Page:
Patents, trademarks, and copyrights are intellectual property assets capable of creating a monopoly by registering with the federal government. In exchange for this monopoly protection the owner of the asset publicly discloses the full nature of the asset. Owners can then use these assets as collateral to raise capital.
What is a Trade Secret?
But how does a company obtain financing from a lender when the intellectual property they posses is trade secret? A trade secret is defined by the New York courts as: “a formula, process, device, or compilation which one uses in his business and which gives him an opportunity to obtain an advantage over competitors who do not know or use it.” A couple of classic examples are KFC’s secret blend of 11 herbs and spices or Coca-Cola’s secret formula.
Using Trade Secrets as Collateral
Trade Secret Law is how an intellectual asset such as source code for a computer program that exists as an unregistered copyright can remain legally protected. Since there is legal protection for trade secrets, trade secrets can be used as collateral for a loan.
For example, if a lender wants to make a loan to a start-up software company, then it is likely the company does not have any real assets other than the source code for the computer program that can be used as collateral for a loan. As a lender it is important to remember a computer program may involve several different types of intellectual property. While source code is eligible to be registered with the U.S. Copyright Office, a company may choose not to register, because it would mean disclosing their source code to the public and in some cases this would simply be impractical due to constantly updating code.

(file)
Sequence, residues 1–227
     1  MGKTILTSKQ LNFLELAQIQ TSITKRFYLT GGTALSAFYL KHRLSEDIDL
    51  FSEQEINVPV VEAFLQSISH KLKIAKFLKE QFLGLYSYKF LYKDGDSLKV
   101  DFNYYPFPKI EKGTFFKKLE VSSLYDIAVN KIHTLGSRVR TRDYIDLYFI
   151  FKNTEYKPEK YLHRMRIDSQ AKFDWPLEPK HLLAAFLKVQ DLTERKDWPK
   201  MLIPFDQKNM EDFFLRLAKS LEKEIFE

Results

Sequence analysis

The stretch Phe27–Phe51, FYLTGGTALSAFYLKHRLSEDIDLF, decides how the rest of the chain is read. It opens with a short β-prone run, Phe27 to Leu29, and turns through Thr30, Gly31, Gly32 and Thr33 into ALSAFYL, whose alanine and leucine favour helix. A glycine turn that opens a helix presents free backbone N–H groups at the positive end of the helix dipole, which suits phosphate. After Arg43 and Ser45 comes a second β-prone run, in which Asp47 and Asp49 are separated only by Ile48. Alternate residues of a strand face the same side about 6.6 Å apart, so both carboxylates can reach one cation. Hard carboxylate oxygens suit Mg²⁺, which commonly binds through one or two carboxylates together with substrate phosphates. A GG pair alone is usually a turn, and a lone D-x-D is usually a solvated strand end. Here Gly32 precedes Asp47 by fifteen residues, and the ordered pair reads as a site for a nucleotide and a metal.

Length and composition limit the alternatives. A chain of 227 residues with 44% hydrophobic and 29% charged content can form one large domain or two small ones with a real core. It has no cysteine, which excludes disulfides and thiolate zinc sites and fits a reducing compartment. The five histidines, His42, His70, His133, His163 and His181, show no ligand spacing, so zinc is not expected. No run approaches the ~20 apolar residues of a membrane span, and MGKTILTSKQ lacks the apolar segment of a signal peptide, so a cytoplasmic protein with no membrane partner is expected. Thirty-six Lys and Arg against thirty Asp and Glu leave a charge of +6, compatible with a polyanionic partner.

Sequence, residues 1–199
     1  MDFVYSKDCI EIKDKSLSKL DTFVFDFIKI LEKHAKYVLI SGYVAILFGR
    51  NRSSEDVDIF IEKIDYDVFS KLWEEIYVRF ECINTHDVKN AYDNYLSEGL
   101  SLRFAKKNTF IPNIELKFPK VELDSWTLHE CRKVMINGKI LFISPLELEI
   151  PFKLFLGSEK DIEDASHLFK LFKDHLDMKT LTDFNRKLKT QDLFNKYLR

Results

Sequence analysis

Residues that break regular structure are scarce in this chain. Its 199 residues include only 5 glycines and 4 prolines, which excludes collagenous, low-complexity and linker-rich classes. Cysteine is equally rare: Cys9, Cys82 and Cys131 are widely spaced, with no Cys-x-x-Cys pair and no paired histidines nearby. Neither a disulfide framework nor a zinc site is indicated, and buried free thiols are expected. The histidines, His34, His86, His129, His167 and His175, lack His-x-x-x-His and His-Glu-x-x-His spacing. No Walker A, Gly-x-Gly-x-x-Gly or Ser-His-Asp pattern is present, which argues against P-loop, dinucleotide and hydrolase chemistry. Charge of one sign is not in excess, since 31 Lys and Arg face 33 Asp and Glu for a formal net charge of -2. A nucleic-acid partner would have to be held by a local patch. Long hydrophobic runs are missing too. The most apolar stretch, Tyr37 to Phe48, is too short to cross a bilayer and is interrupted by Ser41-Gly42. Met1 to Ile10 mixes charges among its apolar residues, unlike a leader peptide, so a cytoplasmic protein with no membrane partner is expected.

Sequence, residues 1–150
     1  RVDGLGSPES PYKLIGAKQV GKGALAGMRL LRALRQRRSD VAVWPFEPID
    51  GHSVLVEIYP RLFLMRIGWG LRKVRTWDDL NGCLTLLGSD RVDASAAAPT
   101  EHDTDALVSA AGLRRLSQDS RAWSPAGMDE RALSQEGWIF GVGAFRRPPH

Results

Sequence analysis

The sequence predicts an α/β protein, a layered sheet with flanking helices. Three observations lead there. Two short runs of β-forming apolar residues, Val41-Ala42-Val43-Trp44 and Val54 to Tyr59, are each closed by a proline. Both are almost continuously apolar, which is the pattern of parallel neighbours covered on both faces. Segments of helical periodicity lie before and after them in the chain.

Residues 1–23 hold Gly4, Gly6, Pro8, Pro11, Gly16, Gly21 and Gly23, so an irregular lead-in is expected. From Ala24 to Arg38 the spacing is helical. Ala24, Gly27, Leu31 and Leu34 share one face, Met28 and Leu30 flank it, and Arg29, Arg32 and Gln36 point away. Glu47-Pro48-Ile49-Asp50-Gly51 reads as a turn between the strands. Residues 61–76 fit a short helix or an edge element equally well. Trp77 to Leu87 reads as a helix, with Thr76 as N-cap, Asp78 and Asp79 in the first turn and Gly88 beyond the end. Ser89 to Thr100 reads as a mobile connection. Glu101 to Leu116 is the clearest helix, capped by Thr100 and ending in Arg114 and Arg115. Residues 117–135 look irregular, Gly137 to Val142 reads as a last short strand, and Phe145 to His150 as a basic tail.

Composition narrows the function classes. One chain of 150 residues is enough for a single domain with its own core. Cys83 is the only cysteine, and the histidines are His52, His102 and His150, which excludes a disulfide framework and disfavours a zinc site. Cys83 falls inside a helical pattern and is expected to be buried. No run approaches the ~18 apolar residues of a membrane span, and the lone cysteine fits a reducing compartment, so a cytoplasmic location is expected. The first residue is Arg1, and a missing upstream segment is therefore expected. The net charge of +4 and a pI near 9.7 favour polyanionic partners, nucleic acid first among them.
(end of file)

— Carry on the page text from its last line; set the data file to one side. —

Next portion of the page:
What Does a Borrower with a Trade Secret do to Obtain a Loan?
A prudent lender will want to know whether or not the company has sufficient protections in place to ensure the trade secret remains a trade secret. A lender will want to see a company has taken active steps to securing the trade secret by encryption, firewalls, and executed employer-confidentiality and non-disclosure agreements with employees, contractors, and customers with access to the source code.
How does a Lender Collateralize a Trade Secret?
A lender to a software start-up will want to ensure adequate protection of their collateral (source code) in the event of a default and foreclosure of the loan. Unlike patent, trademark, and copyright that are governed by federal law, trade secrets are governed under a state’s Uniform Trade Secrets Act. Therefore a lender will want to file a UCC-1 financing statement with the secretary of state. The UCC-1 statement needs to be carefully drafted to ensure the collateral description is sufficient and specific to the asset being collateralized. However, if a lender is placing a lien on all of the company’s intangible assets, then there is no strict requirement under the UCC that they be separately indentified.
DISCLAIMER: **The information appearing in this article does not constitute legal advice or opinion. This article is for informational purposes only. Melwani & Chan LLP only provides advice and opinion upon engagement with respect to specific factual situations.**